What Can It Do? How to use Sapphire's TRIXX Tweak Utility
Once installed, you'll open TRIXX and be greeted with the great-looking application above. This is the 'Info' screen and displays everything you need to know about your video card. You can see everything from the card itself, the ROPs, Shaders, Driver Version, BIOS Version and current clock speeds. It's a great run down of what you have.
Next up we'll take a look at the best part of TRIXX, the Overclocking section.
In here, we can adjust a few settings - GPU Clock, Memory Clock, Board Power Li and VDDC. GPU Clock and Memory Clock adjustments are obvious - they'll overclock their respective parts. Sapphire have done well with the user interface of TRIXX, as there's a large orange button you can grab and slide across, and they've added in some - and + for small adjustments. I found this particularly useful when wanting to test my GPU at 1GHz GPU Clock, and then tap down 5MHz at a time.
After you've adjusted the speed of your GPU and Memory you might want to pump up the max TDP to the GPU which is the last option, Board Power Li. Setting this to +20 can give you some great overclocking results, but pumps more power to your GPU. You won't want to just crank this all the way up, as you can damage your hardware - so you've been warned.
This setting corresponds with AMD PowerTune technology, which manages the GPU's core clock speed based on the TDP of the product - cranking this up, cranks the total TDP of the card by a maximum of 20% of the base TDP.
The last setting is VDDC, which gives you some very good voltage control.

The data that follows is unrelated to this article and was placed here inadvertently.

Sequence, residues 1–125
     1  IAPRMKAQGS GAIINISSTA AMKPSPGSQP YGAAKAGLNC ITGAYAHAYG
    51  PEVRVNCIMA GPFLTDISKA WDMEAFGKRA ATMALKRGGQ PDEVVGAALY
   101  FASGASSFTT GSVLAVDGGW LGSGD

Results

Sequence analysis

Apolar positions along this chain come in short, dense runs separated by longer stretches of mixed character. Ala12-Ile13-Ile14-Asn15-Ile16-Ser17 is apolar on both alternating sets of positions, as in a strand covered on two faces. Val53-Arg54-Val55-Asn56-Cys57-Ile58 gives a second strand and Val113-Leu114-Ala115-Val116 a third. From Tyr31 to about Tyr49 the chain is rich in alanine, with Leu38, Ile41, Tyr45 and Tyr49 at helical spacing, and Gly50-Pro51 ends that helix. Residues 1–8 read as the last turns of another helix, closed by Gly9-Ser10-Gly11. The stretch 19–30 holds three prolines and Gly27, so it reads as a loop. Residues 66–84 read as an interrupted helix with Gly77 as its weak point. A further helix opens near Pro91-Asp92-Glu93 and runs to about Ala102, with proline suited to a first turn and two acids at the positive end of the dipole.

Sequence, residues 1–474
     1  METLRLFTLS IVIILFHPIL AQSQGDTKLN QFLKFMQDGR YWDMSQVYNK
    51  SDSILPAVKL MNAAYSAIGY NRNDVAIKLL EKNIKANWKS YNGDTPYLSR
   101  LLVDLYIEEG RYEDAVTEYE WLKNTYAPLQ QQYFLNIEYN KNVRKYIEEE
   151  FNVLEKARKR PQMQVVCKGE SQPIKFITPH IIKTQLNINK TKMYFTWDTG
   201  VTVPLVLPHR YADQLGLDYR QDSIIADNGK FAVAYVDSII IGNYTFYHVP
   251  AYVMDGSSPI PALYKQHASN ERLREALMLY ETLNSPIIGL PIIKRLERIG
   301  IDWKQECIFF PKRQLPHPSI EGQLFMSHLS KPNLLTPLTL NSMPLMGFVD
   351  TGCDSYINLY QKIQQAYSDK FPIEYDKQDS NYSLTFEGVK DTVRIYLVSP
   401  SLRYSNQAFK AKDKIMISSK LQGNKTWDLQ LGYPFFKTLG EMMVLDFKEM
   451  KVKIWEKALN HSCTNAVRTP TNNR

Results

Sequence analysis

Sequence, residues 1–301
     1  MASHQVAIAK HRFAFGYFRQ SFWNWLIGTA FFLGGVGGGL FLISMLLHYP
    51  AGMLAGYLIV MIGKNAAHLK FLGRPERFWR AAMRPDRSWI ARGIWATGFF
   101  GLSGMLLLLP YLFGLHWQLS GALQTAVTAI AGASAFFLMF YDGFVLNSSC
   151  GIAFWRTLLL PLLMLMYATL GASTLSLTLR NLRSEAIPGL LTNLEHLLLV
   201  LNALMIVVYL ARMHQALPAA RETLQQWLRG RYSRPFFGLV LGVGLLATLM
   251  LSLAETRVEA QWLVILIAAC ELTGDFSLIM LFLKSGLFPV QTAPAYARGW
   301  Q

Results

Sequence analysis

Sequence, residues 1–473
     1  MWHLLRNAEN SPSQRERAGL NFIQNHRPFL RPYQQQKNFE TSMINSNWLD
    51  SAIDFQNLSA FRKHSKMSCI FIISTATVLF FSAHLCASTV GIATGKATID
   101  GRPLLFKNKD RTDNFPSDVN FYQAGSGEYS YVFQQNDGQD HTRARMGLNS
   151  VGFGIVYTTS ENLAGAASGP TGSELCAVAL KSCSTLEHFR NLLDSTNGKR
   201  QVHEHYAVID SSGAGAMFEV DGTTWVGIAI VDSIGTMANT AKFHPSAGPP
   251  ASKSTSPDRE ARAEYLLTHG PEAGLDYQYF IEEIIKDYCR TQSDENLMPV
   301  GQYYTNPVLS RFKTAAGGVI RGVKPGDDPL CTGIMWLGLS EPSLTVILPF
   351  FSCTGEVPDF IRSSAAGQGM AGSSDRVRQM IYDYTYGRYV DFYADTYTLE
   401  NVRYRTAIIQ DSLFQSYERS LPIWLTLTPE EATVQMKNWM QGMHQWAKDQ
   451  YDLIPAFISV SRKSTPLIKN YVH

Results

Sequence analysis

Once you've set your GPU to your desired settings, you have "Apply" to click down the bottom. If you choose to reset your speeds, there's a "Reset" button right next to it. On the left of these two buttons you have a Profiles section.
The Profiles option allows you to save up to four different overclocking profiles, which is great. This is useful as not all applications or games will work at all overclocked speeds. I found myself going between profiles when benchmarking to test out the GPU itself, and then diving into Far Cry 3 I changed profiles so that my GPU Clock was lower so the game wouldn't crash - more on that later.
Next up we have Fan Control, which is quite self explanatory.
In this section, there's pretty much one thing to adjust - fan control. Sapphire's TRIXX Tweak Utility allows three options: Automatic, Fixed and Custom. Automatic will adjust the fan on your GPU by itself, which is what most people will do - but when you want to get down to the nitty gritty of overclocking, the Fixed and Custom options come into play.
Fixed allows you to select a certain percentage to have your GPU set at - for benching this would obviously be 100%. Unless you're pushing your GPU to its limits, there's no need with these new 28nm chips to have your fan cranked at 100% all the time.
Custom is where you'll have all of the options at your fingertips. You can set a precise percentage for your fan speed when your GPU reaches a certain temperature. So you could have the fan speed set to something like 30% until your GPU temperature reaches 50C. Your GPU would only begin to get hot when it's under stress, such as rendering a game - then the fan on the GPU would spin up on how you've got your custom setting.
You could have it get to 65C and spin the fan up to 75%. Of course, if it was to get real hot - say 100C - then you would have the fan crank up to 100% to compensate.
All of these options are great and are provided in a very simple manner. One thing I'd like to see in a future version of TRIXX is to have all of the overclocking options in one shot - instead of having to scroll down to find VDDC. I overlooked that option for the first 30-60 minutes of using it, because I didn't see the tiny slider to the right of the overclocking options.